LGT bank builds Dubai presence

Private bank hiring bankers from Clariden Leu, say sources

LGT Group, the Liechtenstein-based private bank, is setting up its operations in Dubai, three sources familiar with the matter said, the latest private bank seeking to expand its footprint and attract business from rich Middle Eastern clients.

LGT, which managed assets worth 86.9 billion Swiss francs ($90.2 billion) at end-2011, has hired at least six private bankers from Swiss rival Clariden Leu for the business, two of the sources said, speaking on condition of anonymity as the matter has not been made public.

Credit Suisse, Clariden's parent, decided last year to integrate the private bank into its own organisation as part of a cost-cutting programme.

Mannan Adenwalla, Clariden's managing director in Dubai, will run LGT's operations in Dubai, the sources said.

"The Clariden integration by Credit Suisse helped LGT as they could get the people required to set up operations. In the Middle East, hiring the right talent is the key thing for a private bank," one of the sources said.

A spokesman for LGT Group in Liechtenstein declined to comment. LGT's operations are likely to be based in the tax-free Dubai International Financial Centre (DIFC), home to most global banks in the region, the sources said.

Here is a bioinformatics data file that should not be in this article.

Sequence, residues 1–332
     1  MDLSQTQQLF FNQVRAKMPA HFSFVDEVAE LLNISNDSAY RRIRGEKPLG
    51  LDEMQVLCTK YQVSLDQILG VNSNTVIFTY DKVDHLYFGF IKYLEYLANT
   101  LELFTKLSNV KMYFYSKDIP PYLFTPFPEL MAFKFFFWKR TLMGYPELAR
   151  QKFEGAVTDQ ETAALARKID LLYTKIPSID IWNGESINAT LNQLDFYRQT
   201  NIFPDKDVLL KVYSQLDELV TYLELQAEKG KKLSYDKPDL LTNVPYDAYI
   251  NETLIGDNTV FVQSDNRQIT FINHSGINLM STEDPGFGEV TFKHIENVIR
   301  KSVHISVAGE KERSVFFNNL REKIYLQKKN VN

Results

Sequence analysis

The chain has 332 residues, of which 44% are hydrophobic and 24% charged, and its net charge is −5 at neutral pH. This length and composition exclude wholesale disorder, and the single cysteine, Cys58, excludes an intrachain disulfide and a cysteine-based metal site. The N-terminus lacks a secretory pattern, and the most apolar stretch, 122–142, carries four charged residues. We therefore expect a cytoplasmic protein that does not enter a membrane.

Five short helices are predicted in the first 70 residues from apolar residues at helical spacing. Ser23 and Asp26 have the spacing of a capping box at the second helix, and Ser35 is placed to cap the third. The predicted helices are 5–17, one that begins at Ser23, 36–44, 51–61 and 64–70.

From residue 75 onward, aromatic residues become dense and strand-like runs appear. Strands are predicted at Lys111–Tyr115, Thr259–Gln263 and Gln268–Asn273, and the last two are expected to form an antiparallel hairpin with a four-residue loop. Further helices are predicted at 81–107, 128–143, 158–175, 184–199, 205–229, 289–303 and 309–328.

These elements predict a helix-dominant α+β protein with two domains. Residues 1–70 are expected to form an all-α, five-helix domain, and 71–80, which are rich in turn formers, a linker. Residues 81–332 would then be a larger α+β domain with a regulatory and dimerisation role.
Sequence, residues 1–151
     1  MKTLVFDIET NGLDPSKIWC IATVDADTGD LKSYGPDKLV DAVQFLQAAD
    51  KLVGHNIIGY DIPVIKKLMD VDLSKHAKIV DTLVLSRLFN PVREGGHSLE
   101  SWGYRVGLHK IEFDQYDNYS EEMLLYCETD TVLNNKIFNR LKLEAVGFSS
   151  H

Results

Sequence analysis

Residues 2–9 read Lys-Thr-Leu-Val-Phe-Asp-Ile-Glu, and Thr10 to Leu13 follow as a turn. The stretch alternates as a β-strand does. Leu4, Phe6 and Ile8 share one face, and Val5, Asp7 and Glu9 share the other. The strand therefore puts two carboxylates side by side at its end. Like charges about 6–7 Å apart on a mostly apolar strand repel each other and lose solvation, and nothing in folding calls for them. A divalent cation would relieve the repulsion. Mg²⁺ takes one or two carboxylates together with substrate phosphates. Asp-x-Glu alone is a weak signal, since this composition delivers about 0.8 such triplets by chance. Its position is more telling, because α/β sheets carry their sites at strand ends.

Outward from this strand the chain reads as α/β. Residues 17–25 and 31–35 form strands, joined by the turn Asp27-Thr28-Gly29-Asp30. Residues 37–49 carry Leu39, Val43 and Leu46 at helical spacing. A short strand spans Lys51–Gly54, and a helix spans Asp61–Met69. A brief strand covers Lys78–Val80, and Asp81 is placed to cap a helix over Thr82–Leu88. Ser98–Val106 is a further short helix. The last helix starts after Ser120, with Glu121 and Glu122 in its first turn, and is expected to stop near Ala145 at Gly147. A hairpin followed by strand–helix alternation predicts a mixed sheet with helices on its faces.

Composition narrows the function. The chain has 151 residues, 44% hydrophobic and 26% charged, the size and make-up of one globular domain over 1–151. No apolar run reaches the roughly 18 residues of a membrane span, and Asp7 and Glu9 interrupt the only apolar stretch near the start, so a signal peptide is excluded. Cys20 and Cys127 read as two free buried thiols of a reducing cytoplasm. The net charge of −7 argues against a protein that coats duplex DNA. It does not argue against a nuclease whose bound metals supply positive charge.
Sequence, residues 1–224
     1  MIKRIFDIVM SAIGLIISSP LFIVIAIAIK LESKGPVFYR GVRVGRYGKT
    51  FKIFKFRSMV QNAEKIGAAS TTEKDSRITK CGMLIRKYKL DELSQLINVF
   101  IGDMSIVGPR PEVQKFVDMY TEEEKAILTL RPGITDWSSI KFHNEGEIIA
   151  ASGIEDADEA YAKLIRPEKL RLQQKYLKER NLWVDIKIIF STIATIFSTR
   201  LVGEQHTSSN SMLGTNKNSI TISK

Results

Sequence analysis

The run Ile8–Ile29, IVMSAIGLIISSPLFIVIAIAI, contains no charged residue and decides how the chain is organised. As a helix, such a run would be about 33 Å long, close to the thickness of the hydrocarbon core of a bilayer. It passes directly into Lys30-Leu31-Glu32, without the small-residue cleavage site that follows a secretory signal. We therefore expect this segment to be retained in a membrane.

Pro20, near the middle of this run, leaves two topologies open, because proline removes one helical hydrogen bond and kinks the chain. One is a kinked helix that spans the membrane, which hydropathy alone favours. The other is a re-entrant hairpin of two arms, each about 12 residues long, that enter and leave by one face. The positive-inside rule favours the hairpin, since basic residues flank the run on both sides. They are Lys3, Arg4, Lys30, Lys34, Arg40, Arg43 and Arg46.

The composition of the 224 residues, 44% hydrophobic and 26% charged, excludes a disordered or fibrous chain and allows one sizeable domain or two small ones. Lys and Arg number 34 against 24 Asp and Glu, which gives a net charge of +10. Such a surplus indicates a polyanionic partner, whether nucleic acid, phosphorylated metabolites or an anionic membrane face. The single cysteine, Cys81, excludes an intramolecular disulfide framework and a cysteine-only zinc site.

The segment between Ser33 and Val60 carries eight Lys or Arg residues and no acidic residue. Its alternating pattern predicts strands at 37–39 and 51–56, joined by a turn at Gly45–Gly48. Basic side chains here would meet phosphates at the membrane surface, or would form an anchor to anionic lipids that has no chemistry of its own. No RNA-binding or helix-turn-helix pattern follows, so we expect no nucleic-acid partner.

LGT currently has a representative office in Bahrain, according to its website.

The Gulf Arab region, which includes Saudi Arabia, Kuwait and the UAE, pumps a large share of the world's crude oil production, and global private banks have flocked to the region lured by the growing ranks of millionaires.

The region's private banking sector has several pure-play private banks like Julius Baer and Sarasin Alpen, competing with diversified banks such as Credit Suisse, JP Morgan Chase and UBS.

Other private banks have also started coming in recently.

Royal Bank of Canada expects to double the number of wealth management employees in its Dubai office in the near future, and is open to opportunities for acquisitions, a senior executive said in April.

Rival Bank of Montreal set up a representative office in Abu Dhabi in May, expanding the Canadian bank's Middle East reach as the bank targets the region's growing rich.

The Middle East and Africa wealth management sector grew 8.6 per cent in 2010 and overall assets under management could grow to $6.7 trillion by 2015, helped by high oil prices, a study by the Boston Consulting Group in June last year showed.